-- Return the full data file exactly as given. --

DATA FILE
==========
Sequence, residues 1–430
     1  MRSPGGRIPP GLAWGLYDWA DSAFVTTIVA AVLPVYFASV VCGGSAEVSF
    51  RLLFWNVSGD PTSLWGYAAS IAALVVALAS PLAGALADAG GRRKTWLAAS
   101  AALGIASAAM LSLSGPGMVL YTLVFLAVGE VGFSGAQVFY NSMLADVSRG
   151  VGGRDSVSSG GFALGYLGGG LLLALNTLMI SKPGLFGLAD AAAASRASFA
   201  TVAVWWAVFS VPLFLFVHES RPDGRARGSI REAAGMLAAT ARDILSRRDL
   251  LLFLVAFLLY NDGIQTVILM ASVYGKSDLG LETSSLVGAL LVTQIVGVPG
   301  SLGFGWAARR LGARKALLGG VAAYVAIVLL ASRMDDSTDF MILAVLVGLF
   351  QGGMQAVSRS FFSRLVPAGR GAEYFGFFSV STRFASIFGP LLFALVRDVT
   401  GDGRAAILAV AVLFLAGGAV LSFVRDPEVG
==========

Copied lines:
Sequence, residues 1–430
     1  MRSPGGRIPP GLAWGLYDWA DSAFVTTIVA AVLPVYFASV VCGGSAEVSF
    51  RLLFWNVSGD PTSLWGYAAS IAALVVALAS PLAGALADAG GRRKTWLAAS
   101  AALGIASAAM LSLSGPGMVL YTLVFLAVGE VGFSGAQVFY NSMLADVSRG
   151  VGGRDSVSSG GFALGYLGGG LLLALNTLMI SKPGLFGLAD AAAASRASFA
   201  TVAVWWAVFS VPLFLFVHES RPDGRARGSI REAAGMLAAT ARDILSRRDL
   251  LLFLVAFLLY NDGIQTVILM ASVYGKSDLG LETSSLVGAL LVTQIVGVPG
   301  SLGFGWAARR LGARKALLGG VAAYVAIVLL ASRMDDSTDF MILAVLVGLF
   351  QGGMQAVSRS FFSRLVPAGR GAEYFGFFSV STRFASIFGP LLFALVRDVT
   401  GDGRAAILAV AVLFLAGGAV LSFVRDPEVG